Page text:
(This news story originally appeared on the Wired blog, with credit to be given to BA Haller over at the Media and Disability blog.)
Snapshot of Beijing subway station with a train in the station. In the foreground, the viewer sees a wheelchair symbol on the platform indicating an accessible entrance and exit. ST
In what may be the most significant improvement in human rights brought about by the 2008 Olympics and Paralympics, Beijing has become less of a Forbidden City for the disabled. Even though more than one million disabled people live within its city limits, Beijing’s crowded subway was practically inaccessible to anyone not able to rush to the front of the platform on their own two feet. Now, according to the official Chinese government information site china.org.cn, the improvements made in preparation for the Games will become permanent, allowing disabled riders to travel without barriers.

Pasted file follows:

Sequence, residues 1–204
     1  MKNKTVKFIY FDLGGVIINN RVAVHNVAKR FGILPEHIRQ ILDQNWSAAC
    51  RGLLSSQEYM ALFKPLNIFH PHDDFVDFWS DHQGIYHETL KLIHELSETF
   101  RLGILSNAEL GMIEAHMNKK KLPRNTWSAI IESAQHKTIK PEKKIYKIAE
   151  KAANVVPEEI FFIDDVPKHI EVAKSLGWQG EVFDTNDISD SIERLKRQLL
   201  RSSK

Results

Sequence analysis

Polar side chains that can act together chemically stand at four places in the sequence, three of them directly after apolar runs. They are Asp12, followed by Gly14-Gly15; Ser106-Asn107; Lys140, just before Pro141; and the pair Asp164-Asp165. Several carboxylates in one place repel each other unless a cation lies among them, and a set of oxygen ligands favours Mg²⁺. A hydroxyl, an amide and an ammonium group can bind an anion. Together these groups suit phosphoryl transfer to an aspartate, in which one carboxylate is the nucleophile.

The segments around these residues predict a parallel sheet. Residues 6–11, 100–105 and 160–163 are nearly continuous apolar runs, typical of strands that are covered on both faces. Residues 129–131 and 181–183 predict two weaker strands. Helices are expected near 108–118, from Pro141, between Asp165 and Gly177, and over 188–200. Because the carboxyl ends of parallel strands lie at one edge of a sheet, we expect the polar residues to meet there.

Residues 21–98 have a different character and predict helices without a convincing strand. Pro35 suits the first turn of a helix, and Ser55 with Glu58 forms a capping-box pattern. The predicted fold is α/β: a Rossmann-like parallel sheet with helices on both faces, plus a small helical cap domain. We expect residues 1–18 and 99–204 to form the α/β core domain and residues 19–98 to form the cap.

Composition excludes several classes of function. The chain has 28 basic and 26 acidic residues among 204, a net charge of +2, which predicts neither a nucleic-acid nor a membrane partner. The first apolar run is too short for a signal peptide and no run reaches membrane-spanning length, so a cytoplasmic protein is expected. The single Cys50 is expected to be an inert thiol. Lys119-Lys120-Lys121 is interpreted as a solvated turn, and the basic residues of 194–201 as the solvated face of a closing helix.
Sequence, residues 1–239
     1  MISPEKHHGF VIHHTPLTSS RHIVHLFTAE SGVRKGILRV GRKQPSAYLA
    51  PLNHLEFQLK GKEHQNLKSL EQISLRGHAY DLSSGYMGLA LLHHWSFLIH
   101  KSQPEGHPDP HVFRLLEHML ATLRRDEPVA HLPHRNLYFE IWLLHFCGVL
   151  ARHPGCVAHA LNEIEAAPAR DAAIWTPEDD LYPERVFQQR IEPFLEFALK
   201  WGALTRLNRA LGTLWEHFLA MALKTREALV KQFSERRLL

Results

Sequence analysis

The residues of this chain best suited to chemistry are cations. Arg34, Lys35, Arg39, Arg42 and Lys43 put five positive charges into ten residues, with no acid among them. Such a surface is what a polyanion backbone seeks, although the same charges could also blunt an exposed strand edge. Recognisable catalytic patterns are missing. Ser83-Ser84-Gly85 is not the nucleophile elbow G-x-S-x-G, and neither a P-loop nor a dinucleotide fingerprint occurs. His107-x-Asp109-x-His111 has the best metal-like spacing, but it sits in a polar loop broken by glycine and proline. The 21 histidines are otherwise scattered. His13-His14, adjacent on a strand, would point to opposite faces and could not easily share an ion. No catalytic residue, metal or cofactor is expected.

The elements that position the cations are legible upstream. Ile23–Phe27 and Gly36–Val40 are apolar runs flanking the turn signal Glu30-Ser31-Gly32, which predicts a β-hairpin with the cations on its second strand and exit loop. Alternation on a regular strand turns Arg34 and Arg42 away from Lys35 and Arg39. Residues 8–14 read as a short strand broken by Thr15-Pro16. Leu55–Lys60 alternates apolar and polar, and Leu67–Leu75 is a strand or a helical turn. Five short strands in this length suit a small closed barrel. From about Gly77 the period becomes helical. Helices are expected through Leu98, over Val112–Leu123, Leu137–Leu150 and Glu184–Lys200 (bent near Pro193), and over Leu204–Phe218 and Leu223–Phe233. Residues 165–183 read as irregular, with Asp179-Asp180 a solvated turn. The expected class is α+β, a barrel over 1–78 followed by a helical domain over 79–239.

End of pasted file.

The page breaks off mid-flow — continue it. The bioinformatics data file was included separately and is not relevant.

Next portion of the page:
“I can’t believe this is true. Three hours ago I was at home, and now I’m here with all these others watching Paralympic Games competitions,” randomly-selected wheelchair-bound Beijing citizen Wang Shufen said. “The volunteers and subway and bus workers were really helpful. Without them, I would never have made it.” Of course, China.org.cn made sure to note that the 70-year-old Wang was smiling all through her interview, and never mentioned whether she lived ten feet or ten miles from the stadium. Still, for a city that banned the country’s few guide dogs and disqualified the disabled from entrance to many schools, any effort to open the city’s transit infrastructure to the disabled is a welcome change.
Read the full story here: http://blog.wired.com/cars/2008/09/barrier-free-be.html